New CDC Report: More Than 2.5 Million U.S. Cases of Chlamydia, Gonorrhea, and Syphilis Were Reported in 2021

Apr 11, 2023 | NacchoVoice

New CDC Report: More Than 2.5 Million U.S. Cases of Chlamydia, Gonorrhea, and Syphilis Were Reported in 2021

Rising rates, geographic clustering during the pandemic highlight the role of local health departments to slow the spread

Washington, DC, April 11, 2023 — The National Association of County and City Health Officials (NACCHO) is concerned by the increasing rates of Sexually Transmitted Infections (STIs) reflected in the Centers for Disease Control and Prevention (CDC), Division of STD Prevention (DSTDP) report, Sexually Transmitted Disease (STD) Surveillance, 2021, released today. Preliminary data indicate a whopping 2.5 million U.S. cases of STDs, marking a continued increase during the second year of the COVID-19 pandemic. NACCHO represents the country’s nearly 3,000 U.S. local health departments.

“The prevalence of STIs in the United States is a major issue that is compromising the nation’s health,” said Lori T. Freeman, Chief Executive Officer of NACCHO. “CDC’s new report shows just how prominent STIs are in the United States. Moreover, the geographic clustering shown in the data highlights the importance of local health departments in using their data to ensure their messages are tailored to the populations and areas most affected locally.

“In recent years, the COVID-19 pandemic and 2022 mpox outbreak have monopolized program resources and threatened the health of those already disproportionately affected by STIs. However, we can pick up the pieces in our quest to reverse STI trends by moving forward with a new approach that employs holistic, coordinated care to address concurrent epidemics and health disparities.

“There is significant work that needs to be done to address and prevent further spread of these infections. Local health departments are the backbone of this work. As we see these infections rising, it’s crucial that we support local health departments and the work they are doing to slow the spread of STIs,” said Freeman.

NACCHO and local health departments are working hard to address STIs in a targeted way that aligns with the data. Some examples of work that is being done is a newly-funded pilot project to support local health department community engagement activities to create a community-driven syphilis reduction plan in nine jurisdictions. Additionally, NACCHO’s STD Registry is a centralized location to identify clinics devoted to examining and treating STIs, helping connect patients to providers and identifying geographic gaps in coverage.

CDC’s annual report included startling preliminary data:

  • 1.6 million chlamydial infections were reported. This 4.1 percent increase from 2020 signals a return to pre-pandemic levels.
  • More than 700,000 gonorrhea cases were reported, reflecting a 28 percent increase since 2017.
  • Reported cases of syphilis (all stages) totaled more than 176,000 cases – a 74 percent increase since 2017.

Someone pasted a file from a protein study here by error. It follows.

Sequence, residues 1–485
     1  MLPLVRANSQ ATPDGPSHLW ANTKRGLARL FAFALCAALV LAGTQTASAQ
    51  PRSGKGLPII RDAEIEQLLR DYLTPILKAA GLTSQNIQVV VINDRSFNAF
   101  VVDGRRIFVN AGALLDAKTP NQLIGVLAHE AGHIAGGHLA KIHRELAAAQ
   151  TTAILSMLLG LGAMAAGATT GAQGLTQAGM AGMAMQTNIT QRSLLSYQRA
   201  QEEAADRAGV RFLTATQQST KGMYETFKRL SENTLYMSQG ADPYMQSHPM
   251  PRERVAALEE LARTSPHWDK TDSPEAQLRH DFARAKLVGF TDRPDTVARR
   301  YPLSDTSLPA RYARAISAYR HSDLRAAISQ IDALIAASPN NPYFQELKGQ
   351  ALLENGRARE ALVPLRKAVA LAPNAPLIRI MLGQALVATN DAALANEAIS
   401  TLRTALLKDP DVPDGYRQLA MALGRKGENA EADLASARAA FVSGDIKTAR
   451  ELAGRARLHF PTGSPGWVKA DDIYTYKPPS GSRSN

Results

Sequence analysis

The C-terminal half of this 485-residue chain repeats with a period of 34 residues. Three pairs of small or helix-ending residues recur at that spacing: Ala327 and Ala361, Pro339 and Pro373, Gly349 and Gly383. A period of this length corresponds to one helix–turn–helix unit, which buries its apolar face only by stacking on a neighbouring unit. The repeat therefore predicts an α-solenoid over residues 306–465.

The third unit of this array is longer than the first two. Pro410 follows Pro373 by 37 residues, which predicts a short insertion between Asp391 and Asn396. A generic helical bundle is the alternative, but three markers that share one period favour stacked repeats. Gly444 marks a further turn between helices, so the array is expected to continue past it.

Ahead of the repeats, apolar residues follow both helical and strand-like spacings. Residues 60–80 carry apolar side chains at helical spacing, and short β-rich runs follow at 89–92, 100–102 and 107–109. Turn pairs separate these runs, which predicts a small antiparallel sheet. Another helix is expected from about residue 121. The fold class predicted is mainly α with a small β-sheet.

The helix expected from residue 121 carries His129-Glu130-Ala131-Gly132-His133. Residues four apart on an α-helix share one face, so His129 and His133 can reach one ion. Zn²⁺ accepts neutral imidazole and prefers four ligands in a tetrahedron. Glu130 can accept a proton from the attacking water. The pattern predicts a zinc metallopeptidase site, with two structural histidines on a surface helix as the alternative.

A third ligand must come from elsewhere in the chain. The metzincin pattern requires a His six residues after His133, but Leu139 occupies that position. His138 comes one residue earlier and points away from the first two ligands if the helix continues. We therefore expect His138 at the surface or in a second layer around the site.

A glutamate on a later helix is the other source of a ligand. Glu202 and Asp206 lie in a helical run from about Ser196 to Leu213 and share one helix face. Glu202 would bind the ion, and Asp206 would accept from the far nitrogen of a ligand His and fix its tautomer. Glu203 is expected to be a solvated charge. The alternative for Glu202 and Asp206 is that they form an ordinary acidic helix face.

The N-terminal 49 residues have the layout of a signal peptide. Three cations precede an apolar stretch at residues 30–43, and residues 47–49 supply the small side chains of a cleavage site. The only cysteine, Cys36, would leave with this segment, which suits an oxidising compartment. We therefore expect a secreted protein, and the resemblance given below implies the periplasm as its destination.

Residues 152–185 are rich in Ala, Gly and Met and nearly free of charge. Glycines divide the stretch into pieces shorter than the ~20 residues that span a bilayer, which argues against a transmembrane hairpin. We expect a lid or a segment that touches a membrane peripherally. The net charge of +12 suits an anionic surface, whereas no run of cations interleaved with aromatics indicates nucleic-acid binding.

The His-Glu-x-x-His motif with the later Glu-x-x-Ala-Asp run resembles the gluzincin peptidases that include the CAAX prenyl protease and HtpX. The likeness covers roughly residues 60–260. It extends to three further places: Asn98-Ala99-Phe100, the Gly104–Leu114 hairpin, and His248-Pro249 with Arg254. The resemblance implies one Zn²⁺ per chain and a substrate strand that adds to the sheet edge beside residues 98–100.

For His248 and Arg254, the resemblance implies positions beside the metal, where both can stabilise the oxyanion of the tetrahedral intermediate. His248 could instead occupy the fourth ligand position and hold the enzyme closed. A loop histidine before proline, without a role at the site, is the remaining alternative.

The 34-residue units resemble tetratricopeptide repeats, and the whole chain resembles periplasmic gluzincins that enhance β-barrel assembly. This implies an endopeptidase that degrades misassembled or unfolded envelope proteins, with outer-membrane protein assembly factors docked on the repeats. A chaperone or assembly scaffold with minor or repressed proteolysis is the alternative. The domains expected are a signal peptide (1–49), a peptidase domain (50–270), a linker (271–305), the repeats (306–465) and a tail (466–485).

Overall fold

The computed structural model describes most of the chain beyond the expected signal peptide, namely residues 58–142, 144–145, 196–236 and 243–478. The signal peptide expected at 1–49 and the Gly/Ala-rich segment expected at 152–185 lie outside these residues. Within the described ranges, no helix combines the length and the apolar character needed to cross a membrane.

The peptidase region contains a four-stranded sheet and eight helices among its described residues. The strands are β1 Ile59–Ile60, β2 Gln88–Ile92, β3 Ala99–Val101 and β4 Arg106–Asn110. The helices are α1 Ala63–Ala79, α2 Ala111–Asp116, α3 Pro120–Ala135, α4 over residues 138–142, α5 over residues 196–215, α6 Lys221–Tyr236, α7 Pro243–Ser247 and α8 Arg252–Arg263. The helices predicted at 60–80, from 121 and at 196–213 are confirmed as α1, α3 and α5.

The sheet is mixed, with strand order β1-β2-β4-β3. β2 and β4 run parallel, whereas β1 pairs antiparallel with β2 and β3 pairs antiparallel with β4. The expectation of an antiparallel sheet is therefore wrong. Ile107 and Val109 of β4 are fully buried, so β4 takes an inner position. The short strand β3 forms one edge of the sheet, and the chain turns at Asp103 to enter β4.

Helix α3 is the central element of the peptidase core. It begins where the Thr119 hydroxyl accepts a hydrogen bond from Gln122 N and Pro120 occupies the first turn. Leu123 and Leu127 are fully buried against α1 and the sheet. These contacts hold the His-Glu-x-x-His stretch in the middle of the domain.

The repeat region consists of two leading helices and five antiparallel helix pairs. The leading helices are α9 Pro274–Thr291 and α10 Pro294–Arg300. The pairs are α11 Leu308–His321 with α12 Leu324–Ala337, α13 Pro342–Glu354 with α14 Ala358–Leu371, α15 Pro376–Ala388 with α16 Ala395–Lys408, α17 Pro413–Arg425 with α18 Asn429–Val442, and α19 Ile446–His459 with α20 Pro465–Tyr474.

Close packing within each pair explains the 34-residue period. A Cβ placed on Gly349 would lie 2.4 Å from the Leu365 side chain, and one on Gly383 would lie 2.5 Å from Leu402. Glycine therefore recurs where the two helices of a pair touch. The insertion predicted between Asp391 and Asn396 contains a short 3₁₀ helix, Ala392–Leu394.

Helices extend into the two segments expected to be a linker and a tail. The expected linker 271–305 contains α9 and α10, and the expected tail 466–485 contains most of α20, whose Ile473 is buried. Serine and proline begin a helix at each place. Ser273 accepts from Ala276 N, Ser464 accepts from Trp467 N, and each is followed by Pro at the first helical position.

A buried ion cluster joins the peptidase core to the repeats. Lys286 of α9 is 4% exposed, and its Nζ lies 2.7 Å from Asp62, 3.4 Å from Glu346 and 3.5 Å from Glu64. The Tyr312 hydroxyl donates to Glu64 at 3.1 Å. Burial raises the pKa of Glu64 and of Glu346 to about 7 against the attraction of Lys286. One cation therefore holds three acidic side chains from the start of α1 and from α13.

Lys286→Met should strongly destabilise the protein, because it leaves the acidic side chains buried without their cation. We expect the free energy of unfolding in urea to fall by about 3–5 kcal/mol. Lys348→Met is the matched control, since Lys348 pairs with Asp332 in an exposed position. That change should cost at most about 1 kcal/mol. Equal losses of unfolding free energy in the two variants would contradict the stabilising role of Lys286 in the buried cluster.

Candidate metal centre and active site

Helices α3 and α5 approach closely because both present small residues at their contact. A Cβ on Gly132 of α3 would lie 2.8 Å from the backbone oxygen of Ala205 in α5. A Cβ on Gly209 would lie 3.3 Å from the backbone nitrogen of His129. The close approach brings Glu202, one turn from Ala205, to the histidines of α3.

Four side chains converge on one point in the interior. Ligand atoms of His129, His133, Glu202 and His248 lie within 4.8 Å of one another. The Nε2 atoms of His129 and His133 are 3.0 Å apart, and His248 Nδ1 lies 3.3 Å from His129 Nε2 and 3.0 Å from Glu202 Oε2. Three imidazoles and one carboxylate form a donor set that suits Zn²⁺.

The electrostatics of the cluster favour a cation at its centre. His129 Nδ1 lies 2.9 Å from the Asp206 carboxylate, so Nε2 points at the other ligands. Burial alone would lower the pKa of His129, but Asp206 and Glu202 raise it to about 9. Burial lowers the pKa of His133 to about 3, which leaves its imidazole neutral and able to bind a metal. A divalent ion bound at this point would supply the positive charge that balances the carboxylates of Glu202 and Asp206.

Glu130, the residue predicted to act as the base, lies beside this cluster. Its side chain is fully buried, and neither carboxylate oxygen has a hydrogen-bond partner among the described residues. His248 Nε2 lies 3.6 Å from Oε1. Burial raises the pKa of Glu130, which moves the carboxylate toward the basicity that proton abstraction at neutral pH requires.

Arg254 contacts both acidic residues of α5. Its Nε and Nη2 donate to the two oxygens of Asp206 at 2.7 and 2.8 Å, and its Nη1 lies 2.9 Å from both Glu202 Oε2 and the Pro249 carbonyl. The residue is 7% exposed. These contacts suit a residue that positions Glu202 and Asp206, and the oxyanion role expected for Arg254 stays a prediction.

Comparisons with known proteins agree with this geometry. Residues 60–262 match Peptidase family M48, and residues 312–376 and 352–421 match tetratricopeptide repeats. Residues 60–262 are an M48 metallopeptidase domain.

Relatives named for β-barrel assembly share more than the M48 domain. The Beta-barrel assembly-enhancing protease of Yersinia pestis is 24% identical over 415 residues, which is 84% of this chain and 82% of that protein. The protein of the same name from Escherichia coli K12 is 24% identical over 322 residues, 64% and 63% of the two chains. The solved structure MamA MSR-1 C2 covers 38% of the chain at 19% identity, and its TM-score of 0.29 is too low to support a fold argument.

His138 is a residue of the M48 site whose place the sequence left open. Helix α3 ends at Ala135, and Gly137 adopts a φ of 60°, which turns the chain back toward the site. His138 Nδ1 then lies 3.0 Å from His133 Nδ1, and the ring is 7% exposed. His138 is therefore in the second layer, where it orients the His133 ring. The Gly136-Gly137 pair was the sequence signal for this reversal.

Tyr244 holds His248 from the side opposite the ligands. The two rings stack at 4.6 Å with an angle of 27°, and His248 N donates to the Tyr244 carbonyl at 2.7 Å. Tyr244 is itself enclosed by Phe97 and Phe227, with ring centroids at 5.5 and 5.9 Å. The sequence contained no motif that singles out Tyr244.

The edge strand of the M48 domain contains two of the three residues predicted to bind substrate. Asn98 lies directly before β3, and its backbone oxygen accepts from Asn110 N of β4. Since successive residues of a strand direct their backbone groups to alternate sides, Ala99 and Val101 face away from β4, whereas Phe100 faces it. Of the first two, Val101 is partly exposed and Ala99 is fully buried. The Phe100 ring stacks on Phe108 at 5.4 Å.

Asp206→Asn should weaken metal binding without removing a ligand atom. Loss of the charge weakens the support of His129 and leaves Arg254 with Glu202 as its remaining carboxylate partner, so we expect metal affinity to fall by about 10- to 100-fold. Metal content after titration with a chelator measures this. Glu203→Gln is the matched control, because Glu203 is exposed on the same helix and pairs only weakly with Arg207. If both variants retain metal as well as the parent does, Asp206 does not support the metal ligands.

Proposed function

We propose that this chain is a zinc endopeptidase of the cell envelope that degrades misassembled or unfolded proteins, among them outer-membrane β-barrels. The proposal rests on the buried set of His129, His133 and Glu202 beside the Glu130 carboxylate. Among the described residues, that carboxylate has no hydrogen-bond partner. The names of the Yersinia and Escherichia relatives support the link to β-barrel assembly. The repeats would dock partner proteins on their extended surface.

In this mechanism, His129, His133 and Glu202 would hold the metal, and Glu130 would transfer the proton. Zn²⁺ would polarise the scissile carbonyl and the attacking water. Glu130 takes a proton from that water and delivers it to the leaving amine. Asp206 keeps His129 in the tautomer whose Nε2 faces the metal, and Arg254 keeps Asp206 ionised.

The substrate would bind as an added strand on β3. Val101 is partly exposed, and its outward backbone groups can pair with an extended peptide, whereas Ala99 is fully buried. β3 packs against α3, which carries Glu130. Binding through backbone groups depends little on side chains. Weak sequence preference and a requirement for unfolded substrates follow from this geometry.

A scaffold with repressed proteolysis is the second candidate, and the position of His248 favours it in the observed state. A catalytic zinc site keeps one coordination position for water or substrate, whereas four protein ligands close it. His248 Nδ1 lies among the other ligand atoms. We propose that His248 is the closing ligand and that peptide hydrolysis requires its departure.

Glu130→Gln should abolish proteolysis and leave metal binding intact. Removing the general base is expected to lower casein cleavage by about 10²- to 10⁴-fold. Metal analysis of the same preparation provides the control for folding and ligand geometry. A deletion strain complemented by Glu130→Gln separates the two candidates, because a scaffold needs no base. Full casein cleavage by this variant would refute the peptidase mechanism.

• Congenital syphilis continued to surge, increasing 203 percent since 2017. In 2021, 38 jurisdictions, including 37 states and the District of Columbia, reported an increase in congenital syphilis cases.

Although STIs are common, the report also shows that some groups are more affected than others. Racial, ethnic, and sexual minority groups remain disproportionately impacted. African Americans accounted for nearly a third of chlamydia, gonorrhea, and primary and secondary syphilis (P&S) cases while only accounting for 12.1 percent of the US population. Meanwhile, gay, bisexual, and other men who have sex with men were severely impacted by gonorrhea and syphilis in 2021. Congenital syphilis rates increased for most racial and ethnic groups in 2021, but the highest rate was among infants born to American Indian and Alaska Native people.

Syphilis (all stages) has increased 447 percent in the last two decades. Cases of P&S syphilis—the most infectious stages of the disease—have increased a staggering 781 percent since 2001. Although the syphilis epidemic is impacting all states across the country, there are some geographic areas that are disproportionately affected. In 2021, five states (California, Texas, Arizona, Florida, and Louisiana) represented 58 percent of all reported cases of congenital syphilis. Furthermore, the broader syphilis epidemic was concentrated within states, as just 100 counties accounted for 60 percent of all reported cases in 2021.

About NACCHO

The National Association of County and City Health Officials (NACCHO) represents the nation’s nearly 3,000 local governmental health departments. These city, county, metropolitan, district, and tribal departments work every day to protect and promote health and well-being for all people in their communities. For more information about NACCHO, please visit www.naccho.org.


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